name={name} value={value} isError={isError}
      onChange={onChange} onBlur={onBlur} />

The setter is the part that is bound to the root. If you need a name for that relationship, that's where you can put it.

As an aside "<label> is an interaction policy" is also a hint on how to orthogonalize interactions in a post-HTML universe, but that's a whole 'nother post.

When you've done all this, you can wire up "any" data model to "any" form, while all the logistics are pro forma, but nevertheless immediate, across numerous components.

You define some state by its persistence mechanism. You refine the state into granular values and their associated setters, i.e. cursor tuples. You can pass them to other components, and let change policy wrappers adopt those cursors, separately from the prefab widgets they wrap. You put the events away where you don't have to think about it. Once the reusable pieces are in place, you only write what is actually unique about this. Your hooks and your components declare intent, not change. Actual coding of differential state transitions is limited only to opportunities where this has a real pay off.

It's particularly neat once you realize that cursors don't have to be literal object property lookups: you can also make cursor helpers for e.g. finding an object in some structured collection based on a dynamic path. This can be used e.g. to make a declarative hierarchical editor, where you want to isolate a specific node and its children for closer inspection, like Adobe Illustrator. Maybe make a hook for a dynamically resolved cursor lookup. This is the actual new hotness: the nails you smashed with your <Component /> hammer are now hooks to hang declarative code off of.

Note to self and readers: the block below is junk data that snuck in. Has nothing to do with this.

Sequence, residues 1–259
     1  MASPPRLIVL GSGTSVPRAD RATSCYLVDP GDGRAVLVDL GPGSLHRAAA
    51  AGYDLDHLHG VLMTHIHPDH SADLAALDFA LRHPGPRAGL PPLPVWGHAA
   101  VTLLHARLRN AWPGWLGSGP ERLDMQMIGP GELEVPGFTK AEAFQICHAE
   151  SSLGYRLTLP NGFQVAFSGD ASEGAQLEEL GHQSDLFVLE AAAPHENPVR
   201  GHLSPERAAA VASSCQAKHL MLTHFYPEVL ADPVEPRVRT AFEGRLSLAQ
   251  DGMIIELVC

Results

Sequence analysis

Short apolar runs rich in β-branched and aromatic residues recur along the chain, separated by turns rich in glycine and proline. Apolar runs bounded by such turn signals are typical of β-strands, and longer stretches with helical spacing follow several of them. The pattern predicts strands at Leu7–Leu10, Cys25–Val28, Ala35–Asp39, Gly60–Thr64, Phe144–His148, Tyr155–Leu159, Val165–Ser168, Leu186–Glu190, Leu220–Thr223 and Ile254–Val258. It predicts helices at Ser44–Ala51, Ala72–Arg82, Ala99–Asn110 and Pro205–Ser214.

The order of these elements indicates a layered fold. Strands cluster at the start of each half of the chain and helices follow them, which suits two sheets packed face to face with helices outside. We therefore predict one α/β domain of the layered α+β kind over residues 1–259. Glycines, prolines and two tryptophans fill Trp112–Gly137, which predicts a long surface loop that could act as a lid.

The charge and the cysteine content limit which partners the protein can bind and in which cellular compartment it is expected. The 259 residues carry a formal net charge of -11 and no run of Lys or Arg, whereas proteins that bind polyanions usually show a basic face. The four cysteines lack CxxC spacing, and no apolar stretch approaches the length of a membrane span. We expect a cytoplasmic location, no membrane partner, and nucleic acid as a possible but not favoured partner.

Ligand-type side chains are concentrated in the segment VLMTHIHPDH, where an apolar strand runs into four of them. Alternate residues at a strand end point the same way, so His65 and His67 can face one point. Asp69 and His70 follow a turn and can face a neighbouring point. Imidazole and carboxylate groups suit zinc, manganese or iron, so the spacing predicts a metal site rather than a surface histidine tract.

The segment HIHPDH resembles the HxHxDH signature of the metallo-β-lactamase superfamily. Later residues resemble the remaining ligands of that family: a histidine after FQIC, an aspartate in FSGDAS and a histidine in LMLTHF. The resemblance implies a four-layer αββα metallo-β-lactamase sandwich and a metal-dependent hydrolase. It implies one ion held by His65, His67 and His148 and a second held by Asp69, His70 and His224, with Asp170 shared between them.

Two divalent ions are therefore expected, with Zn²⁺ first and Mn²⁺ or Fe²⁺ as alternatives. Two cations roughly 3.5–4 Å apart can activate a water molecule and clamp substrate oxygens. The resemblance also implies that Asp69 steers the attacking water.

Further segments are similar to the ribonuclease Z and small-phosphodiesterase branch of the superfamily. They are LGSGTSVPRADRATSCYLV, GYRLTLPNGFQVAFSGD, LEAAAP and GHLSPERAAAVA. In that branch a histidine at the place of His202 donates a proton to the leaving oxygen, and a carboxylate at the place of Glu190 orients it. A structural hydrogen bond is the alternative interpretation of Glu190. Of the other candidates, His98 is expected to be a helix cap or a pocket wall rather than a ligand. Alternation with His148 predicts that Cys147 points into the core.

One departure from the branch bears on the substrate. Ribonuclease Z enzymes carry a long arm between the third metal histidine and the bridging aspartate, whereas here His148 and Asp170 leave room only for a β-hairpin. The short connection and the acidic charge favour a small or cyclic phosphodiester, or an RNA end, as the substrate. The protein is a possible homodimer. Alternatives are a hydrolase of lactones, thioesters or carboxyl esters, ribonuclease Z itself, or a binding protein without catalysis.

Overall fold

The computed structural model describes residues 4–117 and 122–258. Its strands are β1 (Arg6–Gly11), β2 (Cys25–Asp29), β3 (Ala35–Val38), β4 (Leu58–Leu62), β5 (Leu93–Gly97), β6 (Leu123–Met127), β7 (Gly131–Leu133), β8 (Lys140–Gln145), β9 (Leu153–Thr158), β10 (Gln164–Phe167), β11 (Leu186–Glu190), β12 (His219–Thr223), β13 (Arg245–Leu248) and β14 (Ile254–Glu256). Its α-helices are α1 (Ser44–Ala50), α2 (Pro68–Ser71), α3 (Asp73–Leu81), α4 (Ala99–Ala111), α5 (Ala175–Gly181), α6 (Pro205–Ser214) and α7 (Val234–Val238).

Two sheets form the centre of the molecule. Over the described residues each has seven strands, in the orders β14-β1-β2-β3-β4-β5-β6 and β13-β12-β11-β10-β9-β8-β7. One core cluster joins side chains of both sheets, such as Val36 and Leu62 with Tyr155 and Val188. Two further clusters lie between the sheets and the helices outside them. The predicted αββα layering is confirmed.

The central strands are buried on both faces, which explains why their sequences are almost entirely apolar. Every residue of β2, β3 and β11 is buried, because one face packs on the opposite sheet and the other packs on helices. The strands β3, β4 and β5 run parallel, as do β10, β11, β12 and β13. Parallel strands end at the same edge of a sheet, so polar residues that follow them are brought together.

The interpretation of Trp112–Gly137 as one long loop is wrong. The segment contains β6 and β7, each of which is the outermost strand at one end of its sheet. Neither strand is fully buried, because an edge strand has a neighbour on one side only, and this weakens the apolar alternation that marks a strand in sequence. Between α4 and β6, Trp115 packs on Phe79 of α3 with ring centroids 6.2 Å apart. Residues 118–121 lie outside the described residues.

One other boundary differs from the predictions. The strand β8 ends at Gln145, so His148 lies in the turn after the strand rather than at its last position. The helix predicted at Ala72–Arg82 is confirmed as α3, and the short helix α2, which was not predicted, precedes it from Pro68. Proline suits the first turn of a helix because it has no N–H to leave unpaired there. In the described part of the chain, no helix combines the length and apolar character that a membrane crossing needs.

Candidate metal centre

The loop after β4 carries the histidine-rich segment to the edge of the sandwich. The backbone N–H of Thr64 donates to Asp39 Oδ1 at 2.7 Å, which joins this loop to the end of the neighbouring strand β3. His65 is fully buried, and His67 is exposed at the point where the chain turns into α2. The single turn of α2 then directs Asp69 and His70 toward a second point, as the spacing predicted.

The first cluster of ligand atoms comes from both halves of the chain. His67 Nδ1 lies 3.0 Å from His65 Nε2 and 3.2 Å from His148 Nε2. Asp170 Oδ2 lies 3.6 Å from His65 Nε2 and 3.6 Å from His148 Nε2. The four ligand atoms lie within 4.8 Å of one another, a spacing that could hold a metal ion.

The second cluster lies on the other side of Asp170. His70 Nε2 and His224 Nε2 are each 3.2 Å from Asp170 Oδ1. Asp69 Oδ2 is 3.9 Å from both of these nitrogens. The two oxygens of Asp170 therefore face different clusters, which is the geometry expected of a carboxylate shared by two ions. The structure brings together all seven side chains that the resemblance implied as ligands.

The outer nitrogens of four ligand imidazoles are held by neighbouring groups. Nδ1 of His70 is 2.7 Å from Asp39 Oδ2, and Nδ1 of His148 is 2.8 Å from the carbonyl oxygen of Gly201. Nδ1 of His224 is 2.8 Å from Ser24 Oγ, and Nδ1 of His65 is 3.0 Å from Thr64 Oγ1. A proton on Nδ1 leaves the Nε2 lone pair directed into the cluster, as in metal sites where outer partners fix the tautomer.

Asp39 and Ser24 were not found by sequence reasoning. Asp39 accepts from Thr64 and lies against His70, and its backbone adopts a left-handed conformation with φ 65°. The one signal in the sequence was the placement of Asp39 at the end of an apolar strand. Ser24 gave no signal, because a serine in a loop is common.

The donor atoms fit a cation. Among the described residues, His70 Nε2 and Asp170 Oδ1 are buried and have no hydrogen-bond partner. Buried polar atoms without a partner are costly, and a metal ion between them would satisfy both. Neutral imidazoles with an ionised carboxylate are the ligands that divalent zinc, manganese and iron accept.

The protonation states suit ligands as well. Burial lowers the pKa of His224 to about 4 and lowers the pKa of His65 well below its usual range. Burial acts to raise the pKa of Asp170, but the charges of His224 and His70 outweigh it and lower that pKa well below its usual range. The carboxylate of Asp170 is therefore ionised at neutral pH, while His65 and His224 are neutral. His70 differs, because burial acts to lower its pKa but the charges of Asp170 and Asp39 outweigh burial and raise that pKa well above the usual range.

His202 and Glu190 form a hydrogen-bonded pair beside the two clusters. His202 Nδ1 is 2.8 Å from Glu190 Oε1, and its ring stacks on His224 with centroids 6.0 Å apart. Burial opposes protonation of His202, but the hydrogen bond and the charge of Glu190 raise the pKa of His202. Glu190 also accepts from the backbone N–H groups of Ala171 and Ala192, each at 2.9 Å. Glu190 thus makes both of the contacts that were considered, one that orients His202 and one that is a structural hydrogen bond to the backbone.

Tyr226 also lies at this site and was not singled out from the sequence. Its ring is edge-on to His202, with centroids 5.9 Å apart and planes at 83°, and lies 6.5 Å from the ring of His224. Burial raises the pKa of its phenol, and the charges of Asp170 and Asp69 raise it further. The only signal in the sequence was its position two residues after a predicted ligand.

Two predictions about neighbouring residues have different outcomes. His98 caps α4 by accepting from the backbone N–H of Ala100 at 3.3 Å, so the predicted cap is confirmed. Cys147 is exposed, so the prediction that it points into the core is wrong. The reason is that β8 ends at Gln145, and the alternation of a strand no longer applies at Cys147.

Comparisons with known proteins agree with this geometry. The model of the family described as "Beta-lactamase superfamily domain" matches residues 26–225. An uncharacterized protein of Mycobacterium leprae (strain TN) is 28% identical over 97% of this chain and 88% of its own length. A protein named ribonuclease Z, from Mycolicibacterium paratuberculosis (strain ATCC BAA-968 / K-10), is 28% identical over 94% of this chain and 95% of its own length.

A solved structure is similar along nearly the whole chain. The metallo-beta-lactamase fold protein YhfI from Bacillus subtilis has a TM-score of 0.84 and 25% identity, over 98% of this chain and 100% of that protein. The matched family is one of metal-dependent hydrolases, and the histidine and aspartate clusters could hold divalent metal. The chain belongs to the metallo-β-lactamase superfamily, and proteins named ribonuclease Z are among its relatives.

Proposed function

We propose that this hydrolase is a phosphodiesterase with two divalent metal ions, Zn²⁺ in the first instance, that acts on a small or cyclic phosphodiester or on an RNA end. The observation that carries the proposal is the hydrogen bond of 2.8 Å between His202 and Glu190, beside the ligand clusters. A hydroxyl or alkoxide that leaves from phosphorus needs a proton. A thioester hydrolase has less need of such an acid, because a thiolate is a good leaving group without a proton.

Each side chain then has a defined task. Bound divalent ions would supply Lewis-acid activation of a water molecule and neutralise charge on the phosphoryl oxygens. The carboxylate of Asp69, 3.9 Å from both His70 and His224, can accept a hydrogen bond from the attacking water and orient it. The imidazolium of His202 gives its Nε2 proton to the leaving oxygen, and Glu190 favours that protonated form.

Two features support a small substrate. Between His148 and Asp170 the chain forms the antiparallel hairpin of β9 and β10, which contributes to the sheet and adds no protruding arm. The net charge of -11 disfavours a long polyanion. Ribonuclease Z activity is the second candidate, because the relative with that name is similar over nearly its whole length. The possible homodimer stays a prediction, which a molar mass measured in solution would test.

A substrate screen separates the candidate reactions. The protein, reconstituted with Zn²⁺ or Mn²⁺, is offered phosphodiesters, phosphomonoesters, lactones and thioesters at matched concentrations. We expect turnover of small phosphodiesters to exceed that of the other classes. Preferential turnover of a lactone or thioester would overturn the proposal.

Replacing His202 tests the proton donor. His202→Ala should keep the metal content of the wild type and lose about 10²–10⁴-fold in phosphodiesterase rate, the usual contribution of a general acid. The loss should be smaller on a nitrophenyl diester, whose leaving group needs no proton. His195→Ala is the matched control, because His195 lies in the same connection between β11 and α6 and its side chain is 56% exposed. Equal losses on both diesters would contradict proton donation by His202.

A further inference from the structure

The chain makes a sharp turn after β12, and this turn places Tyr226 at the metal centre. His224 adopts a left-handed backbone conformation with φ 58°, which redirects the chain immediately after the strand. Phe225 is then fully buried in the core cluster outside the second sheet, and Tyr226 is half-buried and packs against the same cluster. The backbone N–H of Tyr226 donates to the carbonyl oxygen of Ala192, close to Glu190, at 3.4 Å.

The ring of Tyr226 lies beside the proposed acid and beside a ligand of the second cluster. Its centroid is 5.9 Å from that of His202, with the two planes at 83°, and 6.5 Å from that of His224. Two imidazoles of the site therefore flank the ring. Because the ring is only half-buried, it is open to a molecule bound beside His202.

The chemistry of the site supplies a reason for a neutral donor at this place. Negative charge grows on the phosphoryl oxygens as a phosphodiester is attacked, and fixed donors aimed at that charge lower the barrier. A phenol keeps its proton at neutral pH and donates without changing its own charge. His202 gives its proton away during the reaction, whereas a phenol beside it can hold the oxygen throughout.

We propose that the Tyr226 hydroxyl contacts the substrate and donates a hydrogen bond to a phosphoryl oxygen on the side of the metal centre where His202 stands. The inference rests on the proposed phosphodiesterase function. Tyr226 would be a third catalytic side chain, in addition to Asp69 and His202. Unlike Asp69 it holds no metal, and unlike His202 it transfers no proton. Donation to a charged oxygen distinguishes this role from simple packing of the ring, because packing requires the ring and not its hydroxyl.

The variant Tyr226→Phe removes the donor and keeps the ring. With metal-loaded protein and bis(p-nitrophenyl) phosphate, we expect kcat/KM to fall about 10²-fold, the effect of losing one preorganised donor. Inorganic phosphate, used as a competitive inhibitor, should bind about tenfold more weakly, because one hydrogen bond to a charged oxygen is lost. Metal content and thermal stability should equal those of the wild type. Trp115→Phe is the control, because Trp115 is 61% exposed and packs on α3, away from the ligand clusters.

Just keep in mind the price you pay for full memoization, probably indefinitely, is that all your hooks must be executed unconditionally. If you want to apply useCursor to a data.list.map() loop, that won't work. But you don't need to invent anything new, think about it. A dynamically invoked hook is simply a hook inside a dynamically rendered component. Your rows might want to individually update live anyway, it's probably the right place to put an incremental boundary.

I'm not saying the above is the holy grail, far from it, what I am saying is that it's unquestionably both simpler and easier, today, for these sorts of problems. And I've tried a few things. It gets out of the way to let me focus on building whatever I want to build in the first place, empowering my code rather than imprisoning it in tedious bureaucracy, especially if there's a client/server gap. It means I actually have a shot at making a real big boy web app, where all the decades-old conveniences work and the latency is what it should be.

It makes a ton more sense than any explanation of MVC I've ever heard, even the ones whose implementation matches their claims. The closest you can describe it in the traditional lingo is Model-Commitments-View, because the controllers don't control. They are policy components mediating the interaction, nested by scope, according to rules you define. The hyphens are cursors, a crucial part usually overlooked, rarely done right.

Good luck,
Steven Wittens